|Look up due process in Wiktionary, the free dictionary.|
|Wikiquote has quotations related to: Due process|
The Seventh Amendment to the United States Constitution is part of the Bill of Rights. This amendment codifies the right to a jury trial in certain civil cases and inhibits courts from overturning a jury's findings of fact.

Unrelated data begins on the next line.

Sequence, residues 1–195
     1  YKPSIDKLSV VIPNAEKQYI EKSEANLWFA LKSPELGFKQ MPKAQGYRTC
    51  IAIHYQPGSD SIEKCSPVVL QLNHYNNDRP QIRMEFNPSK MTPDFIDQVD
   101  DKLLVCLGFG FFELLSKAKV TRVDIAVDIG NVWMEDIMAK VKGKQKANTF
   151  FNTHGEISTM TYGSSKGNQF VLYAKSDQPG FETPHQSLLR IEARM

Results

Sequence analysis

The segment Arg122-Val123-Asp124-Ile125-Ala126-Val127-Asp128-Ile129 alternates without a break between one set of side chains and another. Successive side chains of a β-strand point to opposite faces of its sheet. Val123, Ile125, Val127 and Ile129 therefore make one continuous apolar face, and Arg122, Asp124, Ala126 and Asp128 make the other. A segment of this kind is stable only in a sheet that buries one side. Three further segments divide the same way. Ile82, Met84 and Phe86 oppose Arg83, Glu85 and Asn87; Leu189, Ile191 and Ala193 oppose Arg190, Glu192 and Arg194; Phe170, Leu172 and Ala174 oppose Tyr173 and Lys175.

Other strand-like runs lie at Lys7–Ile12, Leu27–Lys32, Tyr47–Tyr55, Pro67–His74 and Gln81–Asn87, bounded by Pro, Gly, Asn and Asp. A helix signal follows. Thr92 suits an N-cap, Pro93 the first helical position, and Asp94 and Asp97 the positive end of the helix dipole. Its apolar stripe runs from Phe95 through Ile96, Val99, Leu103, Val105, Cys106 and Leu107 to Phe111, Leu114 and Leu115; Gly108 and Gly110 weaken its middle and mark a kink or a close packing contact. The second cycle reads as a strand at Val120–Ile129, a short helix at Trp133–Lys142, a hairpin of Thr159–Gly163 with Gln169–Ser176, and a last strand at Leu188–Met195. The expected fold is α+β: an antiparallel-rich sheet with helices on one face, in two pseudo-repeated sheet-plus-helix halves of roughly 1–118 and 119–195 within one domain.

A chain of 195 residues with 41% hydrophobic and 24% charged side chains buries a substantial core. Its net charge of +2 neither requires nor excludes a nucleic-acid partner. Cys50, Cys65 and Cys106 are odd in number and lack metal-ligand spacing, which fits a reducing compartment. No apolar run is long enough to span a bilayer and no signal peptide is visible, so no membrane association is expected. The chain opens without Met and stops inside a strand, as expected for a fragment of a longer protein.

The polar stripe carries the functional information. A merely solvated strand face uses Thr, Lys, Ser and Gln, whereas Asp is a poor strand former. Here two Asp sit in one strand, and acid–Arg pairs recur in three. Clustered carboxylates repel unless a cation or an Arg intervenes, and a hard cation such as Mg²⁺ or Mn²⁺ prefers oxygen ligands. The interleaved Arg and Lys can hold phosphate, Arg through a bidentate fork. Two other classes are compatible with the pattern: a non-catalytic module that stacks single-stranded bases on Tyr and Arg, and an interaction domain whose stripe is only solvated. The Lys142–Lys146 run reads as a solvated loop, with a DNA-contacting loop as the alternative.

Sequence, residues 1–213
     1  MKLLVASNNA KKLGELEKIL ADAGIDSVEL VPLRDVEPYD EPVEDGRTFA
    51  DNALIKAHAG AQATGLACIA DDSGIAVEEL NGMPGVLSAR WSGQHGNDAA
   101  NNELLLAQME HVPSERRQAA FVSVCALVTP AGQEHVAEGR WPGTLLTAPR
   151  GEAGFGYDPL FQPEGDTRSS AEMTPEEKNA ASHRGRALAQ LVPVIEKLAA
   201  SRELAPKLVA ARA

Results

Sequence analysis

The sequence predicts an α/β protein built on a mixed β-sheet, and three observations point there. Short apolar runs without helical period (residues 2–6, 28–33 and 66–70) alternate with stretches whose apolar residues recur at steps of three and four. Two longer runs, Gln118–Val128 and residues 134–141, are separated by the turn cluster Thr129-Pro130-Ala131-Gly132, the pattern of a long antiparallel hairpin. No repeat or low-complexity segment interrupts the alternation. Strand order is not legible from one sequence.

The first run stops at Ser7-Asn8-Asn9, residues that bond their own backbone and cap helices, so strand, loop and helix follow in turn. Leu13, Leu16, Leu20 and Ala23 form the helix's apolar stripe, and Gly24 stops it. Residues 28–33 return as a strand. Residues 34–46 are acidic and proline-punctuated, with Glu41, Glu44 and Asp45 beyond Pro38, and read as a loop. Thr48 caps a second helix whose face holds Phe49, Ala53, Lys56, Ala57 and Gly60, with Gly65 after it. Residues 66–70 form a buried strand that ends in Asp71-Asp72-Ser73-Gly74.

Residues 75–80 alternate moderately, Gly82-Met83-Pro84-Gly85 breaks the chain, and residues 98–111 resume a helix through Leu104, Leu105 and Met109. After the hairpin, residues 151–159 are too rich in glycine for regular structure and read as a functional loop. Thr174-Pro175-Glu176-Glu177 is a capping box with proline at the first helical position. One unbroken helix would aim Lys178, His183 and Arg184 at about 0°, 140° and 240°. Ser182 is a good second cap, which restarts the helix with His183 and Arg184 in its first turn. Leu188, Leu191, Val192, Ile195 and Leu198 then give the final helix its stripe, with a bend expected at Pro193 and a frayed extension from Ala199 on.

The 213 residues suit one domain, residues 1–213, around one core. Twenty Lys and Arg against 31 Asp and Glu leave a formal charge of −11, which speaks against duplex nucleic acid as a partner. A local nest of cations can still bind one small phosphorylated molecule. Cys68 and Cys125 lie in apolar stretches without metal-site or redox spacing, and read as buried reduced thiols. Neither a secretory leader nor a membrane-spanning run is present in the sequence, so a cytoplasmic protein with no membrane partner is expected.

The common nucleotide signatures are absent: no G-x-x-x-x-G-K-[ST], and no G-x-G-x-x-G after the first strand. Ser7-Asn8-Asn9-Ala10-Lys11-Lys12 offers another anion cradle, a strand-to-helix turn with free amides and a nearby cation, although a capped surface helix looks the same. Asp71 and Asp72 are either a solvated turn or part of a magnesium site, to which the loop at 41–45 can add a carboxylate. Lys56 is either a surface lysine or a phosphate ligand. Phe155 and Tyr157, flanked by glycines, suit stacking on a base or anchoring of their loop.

Griswold v. Connecticut, 381 U.S. 479 (1965), is a landmark case in the United States about access to contraception. The case involved a Connecticut "Comstock law" that prohibited any person from using "any drug, medicinal article or instrument for the purpose of preventing conception." The court held that the statute was unconstitutional, and that "the clear effect of [the Connecticut law ...] is to deny disadvantaged citizens ... access to medical assistance and up-to-date information in respect to proper methods of birth control." By a vote of 7–2, the Supreme Court invalidated the law on the grounds that it violated the "right to marital privacy", establishing the basis for the right to privacy with respect to intimate practices. This and other cases view the right to privacy as a right to "protect[ion] from governmental intrusion."